Oliver Lieb

Inside Voices

I’ve been writing about music for what now seems almost a decade. And even so, I must tell you, the closer I come to its essence, the further I seem from its reach. Every listen is always a new venture into the sounds, spaces and mind of the composer as source. I also don’t know why I usually get taken aback when ambient artists create rhythmic works, or in some cases vice versa. This was the case when this past summer I learned of a new record by Oliver Lieb, whose techno and trance records decorate my vinyl wall since the late 90s.

Oliver Lieb is known by the dance scene by many monikers and projects. His most notable singles under the L.S.G. alias have appeared on Superstition, Hooj Choons, and Black Series labels. His very own Maschine imprint was used as an outlet to explore a slightly different sound post his separation with Superstition. But on Inside Voices, released by the Irish Psychonavigation records, this Frankfurt based techno mastermind approaches a very different aesthetic, one which will surely appeal to the followers of Headphone Commute.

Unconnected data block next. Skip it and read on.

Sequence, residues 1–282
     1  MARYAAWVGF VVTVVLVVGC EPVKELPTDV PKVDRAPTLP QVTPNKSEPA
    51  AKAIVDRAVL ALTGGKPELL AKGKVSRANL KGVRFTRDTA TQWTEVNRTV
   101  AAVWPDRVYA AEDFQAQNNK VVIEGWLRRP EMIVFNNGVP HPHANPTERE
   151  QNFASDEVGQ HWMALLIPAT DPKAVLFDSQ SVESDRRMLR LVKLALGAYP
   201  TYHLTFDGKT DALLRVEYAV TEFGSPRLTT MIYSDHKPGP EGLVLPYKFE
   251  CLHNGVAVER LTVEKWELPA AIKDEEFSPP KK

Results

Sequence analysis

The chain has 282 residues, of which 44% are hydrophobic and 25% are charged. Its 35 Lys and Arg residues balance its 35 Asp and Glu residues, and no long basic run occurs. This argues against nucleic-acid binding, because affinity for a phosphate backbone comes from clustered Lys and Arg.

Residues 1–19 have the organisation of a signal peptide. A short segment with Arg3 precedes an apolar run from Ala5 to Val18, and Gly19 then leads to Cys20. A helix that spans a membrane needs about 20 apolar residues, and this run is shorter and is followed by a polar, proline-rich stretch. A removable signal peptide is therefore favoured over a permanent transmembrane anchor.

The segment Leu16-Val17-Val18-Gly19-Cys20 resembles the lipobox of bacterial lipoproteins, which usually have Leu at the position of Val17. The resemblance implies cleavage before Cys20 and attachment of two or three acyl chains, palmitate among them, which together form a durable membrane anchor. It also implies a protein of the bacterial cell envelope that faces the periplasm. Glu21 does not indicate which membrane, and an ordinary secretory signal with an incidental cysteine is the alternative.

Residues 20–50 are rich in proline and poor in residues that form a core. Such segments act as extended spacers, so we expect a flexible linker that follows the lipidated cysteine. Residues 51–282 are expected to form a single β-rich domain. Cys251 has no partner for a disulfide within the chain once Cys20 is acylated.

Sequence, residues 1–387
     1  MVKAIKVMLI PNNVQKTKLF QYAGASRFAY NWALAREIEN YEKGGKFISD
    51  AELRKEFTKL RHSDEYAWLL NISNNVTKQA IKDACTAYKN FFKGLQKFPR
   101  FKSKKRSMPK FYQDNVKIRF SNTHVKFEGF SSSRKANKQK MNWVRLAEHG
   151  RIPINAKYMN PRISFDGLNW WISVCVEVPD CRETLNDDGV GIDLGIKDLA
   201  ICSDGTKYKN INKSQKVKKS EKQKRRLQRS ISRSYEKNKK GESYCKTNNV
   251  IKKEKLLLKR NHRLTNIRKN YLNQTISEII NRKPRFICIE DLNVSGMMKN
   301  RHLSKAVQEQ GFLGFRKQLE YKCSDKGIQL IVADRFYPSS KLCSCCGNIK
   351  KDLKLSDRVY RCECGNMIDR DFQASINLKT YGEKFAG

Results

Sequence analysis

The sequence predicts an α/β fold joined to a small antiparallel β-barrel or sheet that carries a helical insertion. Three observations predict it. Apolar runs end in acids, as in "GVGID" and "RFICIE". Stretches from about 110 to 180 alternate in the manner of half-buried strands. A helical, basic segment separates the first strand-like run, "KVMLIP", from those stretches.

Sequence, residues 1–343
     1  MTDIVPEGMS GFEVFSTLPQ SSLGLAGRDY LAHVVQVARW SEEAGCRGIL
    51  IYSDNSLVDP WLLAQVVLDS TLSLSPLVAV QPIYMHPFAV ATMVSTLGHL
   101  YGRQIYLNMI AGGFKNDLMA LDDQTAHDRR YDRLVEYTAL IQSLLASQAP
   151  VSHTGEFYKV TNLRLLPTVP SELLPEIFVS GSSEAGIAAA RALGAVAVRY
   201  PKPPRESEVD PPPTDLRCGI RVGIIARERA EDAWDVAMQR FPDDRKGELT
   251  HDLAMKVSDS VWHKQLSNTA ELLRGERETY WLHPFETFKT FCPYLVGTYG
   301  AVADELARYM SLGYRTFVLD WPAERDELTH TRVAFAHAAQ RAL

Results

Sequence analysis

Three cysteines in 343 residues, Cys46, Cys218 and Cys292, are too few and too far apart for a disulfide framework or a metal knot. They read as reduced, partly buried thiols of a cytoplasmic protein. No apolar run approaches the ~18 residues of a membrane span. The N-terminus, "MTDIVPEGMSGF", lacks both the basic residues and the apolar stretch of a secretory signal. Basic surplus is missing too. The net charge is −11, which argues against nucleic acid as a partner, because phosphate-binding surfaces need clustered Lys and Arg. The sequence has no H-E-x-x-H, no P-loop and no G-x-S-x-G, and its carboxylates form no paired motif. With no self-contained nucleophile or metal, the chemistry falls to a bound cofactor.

Inviting us into his world with “Surface Tension” in two parts, Inside Voices is a synth based space dive into the universe of resonating echoes, modular permutations and deep flowing rhythms. The headroom is expansive, hypnotic and surreal. Microscopic particles bounce off their reverberated counterparts and immediately dissolve into the voluminous and elastic universe. Landing on this sonic macrocosm we enter a kaleidoscopic trance from which it is impossible to wake up. And we drift…

If, as a child, you too have spent many hours lying with your eyes closed listening to “space music,” imagining yourself conquering alien planets, in hopes that the future will bring even more extravagant sounds, then know that you have arrived. Although Inside Voices does not particularly convey interplanetary travel, I can’t help but dust off my helmet and set out on my long beloved voyage. If, by some chance, this record managed to slip pass your radar, be sure to recover from your oversight, especially if you’re a fan of works by Pete Namlook, Future Sound of London, System 7 and the KLF.



Words by HC